Medicines Australia and the Western Desert Dialysis Truck

The Purple House’s (Western Desert Nganampa Walytja Palyantjaku Tjutaku) dialysis truck has been a long time coming. But the wait is worth it.

Cross border issues with funding and the locations to where patients in the tri-state (WA/SA/NT) area have to move for dialysis means members of remote communities can be a long way from home.

This dialysis truck can move to any central Australian Aboriginal community to allow some dialysis patients from the Northern Territory, Western Australia and South Australia to return home to country and spend time with family.

Despite the benefits this truck will bring I am a little annoyed by how the funding for this truck is portrayed.

There was no government money involved but that didn’t stop the politicians coming out for the handover of the vehicle to this Indigenous owned and controlled dialysis service.

But that isn’t what annoys me.

The money came from the pharmaceutical industry group Medicines Australia. And here is where it starts to annoy me.

Western desert dialysis truck

In all the reports including ABC TV news, Medicines Australia press release and even this article by the head of the WDNWPT applaud the generosity of the industry in donating the money for this $340,000 dialysis truck.

The reality is that it isn’t a donation where members have said “oh this is a good idea – lets chip in to help”. It is funded by the collection of fines from when Medicines Australia members (drug companies) break their own guidelines when spruiking their drugs.

If drug companies are thought to have breached the Code of Conduct they are asked to front the monitoring committee where if found guilty are fined what I consider to be peanuts for a large multinational company. The fines in 2010-2011 (see pages 11-12), totalled $160,000.

So drug companies continually breach their code of conduct, pay a fine which their industry body collects and then “donates” making the industry appear wonderful.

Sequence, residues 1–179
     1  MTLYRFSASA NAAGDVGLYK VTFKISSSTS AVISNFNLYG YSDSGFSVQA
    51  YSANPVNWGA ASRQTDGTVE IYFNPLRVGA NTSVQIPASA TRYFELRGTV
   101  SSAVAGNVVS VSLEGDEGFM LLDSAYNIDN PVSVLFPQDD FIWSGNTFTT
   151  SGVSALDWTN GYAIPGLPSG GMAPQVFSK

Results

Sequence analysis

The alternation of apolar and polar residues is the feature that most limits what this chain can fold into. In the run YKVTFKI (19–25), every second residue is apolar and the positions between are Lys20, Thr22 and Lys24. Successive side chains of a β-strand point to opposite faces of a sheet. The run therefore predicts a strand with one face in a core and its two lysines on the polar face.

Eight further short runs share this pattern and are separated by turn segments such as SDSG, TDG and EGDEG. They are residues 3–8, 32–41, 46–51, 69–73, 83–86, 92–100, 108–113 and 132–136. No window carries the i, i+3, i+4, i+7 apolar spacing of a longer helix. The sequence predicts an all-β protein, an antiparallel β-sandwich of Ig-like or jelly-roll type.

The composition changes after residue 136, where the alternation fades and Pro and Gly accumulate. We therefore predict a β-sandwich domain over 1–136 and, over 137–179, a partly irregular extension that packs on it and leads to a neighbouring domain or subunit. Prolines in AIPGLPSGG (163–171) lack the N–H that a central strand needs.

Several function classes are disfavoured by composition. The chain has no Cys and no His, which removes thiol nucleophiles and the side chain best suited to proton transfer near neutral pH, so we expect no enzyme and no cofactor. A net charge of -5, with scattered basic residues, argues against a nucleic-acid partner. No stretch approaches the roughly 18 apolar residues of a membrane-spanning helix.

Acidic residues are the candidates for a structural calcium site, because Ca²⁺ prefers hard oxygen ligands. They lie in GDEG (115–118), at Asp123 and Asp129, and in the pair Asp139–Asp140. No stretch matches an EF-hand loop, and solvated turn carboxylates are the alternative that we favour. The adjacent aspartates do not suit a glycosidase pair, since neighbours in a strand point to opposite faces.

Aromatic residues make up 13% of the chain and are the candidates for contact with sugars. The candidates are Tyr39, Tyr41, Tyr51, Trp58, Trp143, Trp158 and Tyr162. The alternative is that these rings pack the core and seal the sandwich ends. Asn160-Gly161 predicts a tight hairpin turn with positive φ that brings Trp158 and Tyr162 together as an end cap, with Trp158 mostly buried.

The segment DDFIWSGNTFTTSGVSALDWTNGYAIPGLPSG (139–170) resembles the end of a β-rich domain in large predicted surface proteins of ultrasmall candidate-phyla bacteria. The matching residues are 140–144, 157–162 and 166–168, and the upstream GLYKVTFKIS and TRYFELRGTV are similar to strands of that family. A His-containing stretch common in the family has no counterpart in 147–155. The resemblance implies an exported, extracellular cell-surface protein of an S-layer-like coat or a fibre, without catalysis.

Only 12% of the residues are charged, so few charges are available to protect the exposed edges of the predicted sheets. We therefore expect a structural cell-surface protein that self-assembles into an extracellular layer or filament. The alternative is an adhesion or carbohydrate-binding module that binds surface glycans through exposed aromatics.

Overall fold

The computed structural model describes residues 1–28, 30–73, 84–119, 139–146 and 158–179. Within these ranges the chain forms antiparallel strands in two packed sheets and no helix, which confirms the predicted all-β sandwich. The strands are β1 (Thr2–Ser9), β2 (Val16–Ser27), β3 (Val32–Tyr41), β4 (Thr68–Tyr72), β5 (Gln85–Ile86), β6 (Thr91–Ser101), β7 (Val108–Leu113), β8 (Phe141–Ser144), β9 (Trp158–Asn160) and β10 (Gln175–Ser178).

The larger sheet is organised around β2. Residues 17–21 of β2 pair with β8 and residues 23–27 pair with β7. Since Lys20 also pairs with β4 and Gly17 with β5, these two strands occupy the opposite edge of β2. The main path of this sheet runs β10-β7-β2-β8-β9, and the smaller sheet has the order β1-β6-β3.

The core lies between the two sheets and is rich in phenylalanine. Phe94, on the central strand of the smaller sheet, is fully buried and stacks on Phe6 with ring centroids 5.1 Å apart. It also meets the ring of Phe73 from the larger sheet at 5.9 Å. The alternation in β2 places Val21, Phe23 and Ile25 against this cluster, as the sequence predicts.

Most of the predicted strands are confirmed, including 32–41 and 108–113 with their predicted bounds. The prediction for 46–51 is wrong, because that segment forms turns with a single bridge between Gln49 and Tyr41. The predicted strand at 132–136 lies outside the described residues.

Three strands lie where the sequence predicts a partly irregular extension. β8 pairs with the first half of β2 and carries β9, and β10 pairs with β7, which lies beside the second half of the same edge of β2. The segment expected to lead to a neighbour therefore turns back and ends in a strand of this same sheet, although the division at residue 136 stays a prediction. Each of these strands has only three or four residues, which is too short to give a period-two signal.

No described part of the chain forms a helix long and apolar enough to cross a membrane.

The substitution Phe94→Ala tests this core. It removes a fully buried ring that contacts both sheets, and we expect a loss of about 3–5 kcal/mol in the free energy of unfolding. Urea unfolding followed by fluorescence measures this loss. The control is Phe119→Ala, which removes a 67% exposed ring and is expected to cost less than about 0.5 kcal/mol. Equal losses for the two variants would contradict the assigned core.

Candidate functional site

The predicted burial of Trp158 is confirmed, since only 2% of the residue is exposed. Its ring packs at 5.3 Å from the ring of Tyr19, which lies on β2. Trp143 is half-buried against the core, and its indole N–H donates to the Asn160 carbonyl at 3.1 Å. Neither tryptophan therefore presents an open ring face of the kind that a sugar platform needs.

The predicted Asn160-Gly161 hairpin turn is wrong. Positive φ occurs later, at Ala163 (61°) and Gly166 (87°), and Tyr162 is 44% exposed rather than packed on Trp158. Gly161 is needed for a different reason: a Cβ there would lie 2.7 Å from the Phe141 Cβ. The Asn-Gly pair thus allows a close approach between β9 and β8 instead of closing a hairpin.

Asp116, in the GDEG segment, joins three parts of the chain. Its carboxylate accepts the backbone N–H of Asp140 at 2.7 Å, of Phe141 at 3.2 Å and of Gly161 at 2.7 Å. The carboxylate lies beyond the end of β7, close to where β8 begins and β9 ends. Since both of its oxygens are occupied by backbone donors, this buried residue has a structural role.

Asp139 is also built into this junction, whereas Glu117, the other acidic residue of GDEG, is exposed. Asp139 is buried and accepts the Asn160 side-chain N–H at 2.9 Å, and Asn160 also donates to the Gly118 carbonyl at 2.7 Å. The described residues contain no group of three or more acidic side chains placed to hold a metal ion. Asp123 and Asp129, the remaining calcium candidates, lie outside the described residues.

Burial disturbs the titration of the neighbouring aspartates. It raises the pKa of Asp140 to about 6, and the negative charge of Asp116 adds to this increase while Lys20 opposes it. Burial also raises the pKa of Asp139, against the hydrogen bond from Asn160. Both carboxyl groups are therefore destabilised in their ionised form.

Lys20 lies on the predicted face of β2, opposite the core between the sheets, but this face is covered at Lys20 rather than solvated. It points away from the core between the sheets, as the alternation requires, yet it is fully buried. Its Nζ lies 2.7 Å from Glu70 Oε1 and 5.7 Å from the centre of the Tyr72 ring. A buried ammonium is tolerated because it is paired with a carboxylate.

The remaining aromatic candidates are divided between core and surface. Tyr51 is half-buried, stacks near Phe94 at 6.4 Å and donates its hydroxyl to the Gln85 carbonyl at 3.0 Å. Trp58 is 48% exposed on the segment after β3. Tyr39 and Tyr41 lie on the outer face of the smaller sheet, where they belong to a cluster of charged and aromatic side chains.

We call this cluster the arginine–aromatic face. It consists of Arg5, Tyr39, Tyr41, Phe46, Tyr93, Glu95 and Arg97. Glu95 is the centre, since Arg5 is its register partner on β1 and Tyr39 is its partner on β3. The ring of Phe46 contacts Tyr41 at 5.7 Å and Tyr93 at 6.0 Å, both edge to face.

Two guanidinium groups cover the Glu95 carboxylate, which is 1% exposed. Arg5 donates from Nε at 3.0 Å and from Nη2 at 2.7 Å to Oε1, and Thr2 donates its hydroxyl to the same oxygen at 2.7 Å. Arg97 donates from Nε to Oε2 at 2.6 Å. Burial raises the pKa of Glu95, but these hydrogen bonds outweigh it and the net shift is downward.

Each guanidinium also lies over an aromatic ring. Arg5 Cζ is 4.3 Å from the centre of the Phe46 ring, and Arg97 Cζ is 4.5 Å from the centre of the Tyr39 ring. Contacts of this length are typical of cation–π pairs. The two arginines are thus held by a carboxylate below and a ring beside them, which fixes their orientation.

As Jarrad Hall commented on Twitter

I wonder if we little people can do that. I feel like donating to charity, I might go speeding later

I’d prefer some openness and honesty in saying where the money comes from.

But should Medicines Australia be allowed to hang on to these fines at all?

Western Desert Walytja Palyantjaku Tjutaku (WDNWPT) win the Team Excellence category in the HESTA Primary Health Care Awards

Congratulations to Sarah Brown and her team at Walytja Palyantjaku Tjutaku (making all our familes well) or as it is known – The Purple House – on winning this award.

“Walytja Palyantjaku Tjutaku” means “Making all our familes well” is owned and managed by the members of Kintore (NT) and Kiwirrkurra (WA) communities. It’s aim is to bring respite haemodialysis to remote areas to allow for respite visits back to country and family.

As well as the purple house in Alice Springs they have set up a respite house in Kintore and a mobile dialysis bus is nearly complete.

You can learn more about them at
The bush garden at the Purple House was also featured on Gardening Australia earlier in the year.

Related Post: Cross Border Health: Renal Disease

Cross Border Health: Renal Disease